But, it is still flat and constant for a considerable amount of time, which makes it DC. I still call it throwing DC. You can call it whatever you want, but it's still DC. And DC+speakers = bad news...

DBfan187
05-15-2006, 10:47 PM
No, it's not DC at all. It may look like DC on a scope, but it's still AC.

It's in there somewhere. - http://www.carsound.com/forum/showthread.php?t=4332&highlight=clipping

DBfan187
05-15-2006, 10:49 PM

joetama
05-16-2006, 12:04 AM
I disagree, most amps will not let you clip them bad enough to get true DC, however clipping does cause DC. I have seen a PA loudspeaker catch fire and a cone leave the basket tearing the surround and the spider because of true DC, it may only be for a few milliseconds but it’s still DC. The reason the guy in the other forum could turn the 'clipped' signal into a sin wave is because of the shelving effect in a cross-over, think about it. You’re not going to agree with me I know but, who really cares anyway. Everyone has his/her own opinion of things.

http://sound.westhost.com/clipping.htm

Just a side note, it's generally just not a good idea to clip anything. If you need it louder buy more speakers, if your amp wont power them get one that will. Head room is something that I always learned to be very important.

Here also is a little tid-bit from QSC's history.

"...Over the next five years, reliability became synonymous with the QSC name thanks to several technological advances developed by Pat. In 1978 Pat's revolutionary "AC Coupled Amplifier Circuit," which allows high-voltage transistors to mount directly on a grounded metal heatsink, earned him a patent. The advance made manufacturing easier and less expensive by decreasing the chance that an amp would fail because of an insulator breakdown. It also increased cooling efficiency and current flow, resulting in better overall amp performance, and ultimately proved safer than conventional technologies. The design guaranteed that no DC voltage would pass through the amplifier, causing speakers to blow or amp failure. Competitors' amps at the time always sent DC voltage to speakers when output devices failed - a dangerous flaw that could severely damage speakers and potentially cause fires...."

Some amps that are produced TODAY will still throw DC when over-driven hard enough....

ngsm13
05-16-2006, 12:36 AM
Indeed.

nG

Beat_Dominator
05-16-2006, 12:38 AM
Clipping bad, DC good, we can all live together!

joetama
05-16-2006, 12:41 AM
Clipping bad, DC good, we can all live together!

LOL can we really????:pissed::slap:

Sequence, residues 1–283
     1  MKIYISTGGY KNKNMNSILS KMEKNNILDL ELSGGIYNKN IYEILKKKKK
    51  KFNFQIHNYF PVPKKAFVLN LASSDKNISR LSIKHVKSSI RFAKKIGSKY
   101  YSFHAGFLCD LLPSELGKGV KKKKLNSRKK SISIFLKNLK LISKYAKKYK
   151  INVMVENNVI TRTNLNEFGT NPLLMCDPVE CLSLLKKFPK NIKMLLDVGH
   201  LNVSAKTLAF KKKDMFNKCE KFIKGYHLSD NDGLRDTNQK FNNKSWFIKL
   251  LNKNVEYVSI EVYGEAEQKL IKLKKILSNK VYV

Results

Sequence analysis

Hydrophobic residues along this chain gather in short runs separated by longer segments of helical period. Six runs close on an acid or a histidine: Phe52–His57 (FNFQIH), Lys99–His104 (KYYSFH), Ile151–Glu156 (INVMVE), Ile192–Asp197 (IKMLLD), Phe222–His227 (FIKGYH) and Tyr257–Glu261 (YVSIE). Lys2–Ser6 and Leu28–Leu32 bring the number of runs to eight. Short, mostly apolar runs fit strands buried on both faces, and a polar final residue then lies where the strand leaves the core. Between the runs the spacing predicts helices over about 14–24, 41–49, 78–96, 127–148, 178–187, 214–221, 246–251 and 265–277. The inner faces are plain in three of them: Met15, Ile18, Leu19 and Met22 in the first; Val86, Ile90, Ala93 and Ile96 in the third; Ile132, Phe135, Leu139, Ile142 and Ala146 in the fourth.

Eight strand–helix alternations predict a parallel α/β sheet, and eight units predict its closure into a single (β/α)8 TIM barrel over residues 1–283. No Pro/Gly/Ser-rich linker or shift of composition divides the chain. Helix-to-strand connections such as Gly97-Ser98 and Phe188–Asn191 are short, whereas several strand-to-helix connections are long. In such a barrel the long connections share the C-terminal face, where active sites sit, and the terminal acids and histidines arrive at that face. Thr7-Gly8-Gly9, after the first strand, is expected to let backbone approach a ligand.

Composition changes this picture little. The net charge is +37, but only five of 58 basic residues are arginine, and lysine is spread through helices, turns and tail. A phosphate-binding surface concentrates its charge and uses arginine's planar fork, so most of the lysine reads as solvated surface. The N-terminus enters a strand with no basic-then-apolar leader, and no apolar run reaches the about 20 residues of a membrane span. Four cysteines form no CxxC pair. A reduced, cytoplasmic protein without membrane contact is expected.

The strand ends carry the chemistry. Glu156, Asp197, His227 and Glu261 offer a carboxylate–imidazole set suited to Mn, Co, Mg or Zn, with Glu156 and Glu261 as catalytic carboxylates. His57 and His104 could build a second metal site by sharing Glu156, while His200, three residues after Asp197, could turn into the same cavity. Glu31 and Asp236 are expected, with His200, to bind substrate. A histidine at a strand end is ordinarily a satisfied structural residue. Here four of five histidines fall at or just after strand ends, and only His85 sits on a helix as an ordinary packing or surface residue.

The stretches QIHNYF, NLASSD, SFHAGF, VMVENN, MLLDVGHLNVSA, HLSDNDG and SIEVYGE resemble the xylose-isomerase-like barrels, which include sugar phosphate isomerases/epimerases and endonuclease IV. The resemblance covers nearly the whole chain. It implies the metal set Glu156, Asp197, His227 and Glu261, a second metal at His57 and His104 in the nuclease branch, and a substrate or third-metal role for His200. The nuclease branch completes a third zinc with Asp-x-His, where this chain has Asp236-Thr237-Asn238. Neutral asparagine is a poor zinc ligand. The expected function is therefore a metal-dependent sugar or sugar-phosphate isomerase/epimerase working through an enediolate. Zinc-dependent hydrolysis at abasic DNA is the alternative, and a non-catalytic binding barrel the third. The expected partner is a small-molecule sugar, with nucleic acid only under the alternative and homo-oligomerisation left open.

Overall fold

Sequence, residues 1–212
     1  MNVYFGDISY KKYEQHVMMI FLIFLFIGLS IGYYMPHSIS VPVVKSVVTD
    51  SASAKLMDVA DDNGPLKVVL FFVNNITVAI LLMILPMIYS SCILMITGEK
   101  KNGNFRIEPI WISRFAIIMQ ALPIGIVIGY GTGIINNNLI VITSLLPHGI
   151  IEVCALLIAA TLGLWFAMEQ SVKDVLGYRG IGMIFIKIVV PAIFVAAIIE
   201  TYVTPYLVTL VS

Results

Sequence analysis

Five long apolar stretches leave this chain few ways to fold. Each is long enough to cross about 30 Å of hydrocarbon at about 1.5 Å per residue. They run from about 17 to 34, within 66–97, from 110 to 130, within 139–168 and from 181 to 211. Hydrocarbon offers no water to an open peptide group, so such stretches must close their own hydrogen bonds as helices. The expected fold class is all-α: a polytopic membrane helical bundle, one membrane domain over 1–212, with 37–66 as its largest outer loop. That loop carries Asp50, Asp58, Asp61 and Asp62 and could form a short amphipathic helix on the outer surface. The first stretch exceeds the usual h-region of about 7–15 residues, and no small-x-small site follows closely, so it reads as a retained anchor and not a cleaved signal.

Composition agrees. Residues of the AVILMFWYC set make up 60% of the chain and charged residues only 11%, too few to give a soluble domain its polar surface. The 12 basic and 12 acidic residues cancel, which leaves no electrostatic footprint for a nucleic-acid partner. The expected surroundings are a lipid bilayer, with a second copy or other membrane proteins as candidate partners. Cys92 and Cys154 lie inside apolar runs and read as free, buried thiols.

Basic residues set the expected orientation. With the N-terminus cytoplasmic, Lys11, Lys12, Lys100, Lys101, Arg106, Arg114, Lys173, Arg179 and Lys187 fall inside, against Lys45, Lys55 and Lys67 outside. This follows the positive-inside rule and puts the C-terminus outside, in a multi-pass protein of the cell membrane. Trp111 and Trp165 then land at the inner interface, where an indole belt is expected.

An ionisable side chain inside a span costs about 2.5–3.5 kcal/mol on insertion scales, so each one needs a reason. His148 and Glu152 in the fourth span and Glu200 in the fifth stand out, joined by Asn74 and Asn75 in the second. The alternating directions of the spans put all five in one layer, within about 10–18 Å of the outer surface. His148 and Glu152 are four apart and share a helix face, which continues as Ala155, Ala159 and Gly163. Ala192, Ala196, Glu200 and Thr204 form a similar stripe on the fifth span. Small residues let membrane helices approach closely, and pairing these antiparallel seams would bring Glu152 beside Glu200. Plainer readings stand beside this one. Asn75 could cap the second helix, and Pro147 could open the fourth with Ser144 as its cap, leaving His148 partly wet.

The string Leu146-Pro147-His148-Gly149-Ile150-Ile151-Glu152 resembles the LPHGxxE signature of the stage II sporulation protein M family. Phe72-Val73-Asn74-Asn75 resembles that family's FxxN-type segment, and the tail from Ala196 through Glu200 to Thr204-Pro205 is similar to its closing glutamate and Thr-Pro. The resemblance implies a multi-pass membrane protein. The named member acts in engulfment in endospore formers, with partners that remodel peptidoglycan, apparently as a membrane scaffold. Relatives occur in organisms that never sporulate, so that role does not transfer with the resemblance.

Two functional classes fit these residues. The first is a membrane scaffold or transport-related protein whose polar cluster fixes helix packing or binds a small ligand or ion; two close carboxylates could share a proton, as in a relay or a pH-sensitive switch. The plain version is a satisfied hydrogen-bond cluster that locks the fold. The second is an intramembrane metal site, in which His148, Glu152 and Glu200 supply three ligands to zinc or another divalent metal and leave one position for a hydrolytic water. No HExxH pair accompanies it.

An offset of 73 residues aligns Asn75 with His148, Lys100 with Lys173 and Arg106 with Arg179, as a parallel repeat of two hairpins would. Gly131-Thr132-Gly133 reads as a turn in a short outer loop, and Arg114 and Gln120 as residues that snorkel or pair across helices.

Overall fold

thylantyr
05-16-2006, 11:31 AM
I disagree, most amps will not let you clip them bad enough to get true DC, however clipping does cause DC. I have seen a PA loudspeaker catch fire and a cone leave the basket tearing the surround and the spider because of true DC, it may only be for a few milliseconds but it’s still DC. The reason the guy in the other forum could turn the 'clipped' signal into a sin wave is because of the shelving effect in a cross-over, think about it. You’re not going to agree with me I know but, who really cares anyway. Everyone has his/her own opinion of things.

That is another topic. The famous how do you blow up speakers, ie by
mechanical damage or thermal damage. I can drive any speakers with
square waves all day if I don't exceed 'mechanical or thermal' abilities.
The speakers you seen blow violated one or both of the rules, not by DC, but by overdriving
the speaker beyond it's limits due to power. A clipped sinewave is 2x more power.

http://sound.westhost.com/clipping.htm

He said

There is no doubt that a clipped asymmetrical waveform will generate a DC component in the output of an amplifier.

He walks the fine line by saying 'generates a DC component'.

It's a fine line subject matter. For instance, if I expand a sine wave eventually it may appear to be flat at the peak.
On the other hand, if we sample the signal over a longer time we clearly see the AC waveform. If you examine
clipping for a brief time it also appears to be DC, but if you sample the signal over time, it's not a DC signal over that
period of sampling.

A bad analogy would be looking through a telescope and a person seeing the object claims he sees dirt. But zoom out,
hey, it's the moon. /lol

Here also is a little tid-bit from QSC's history.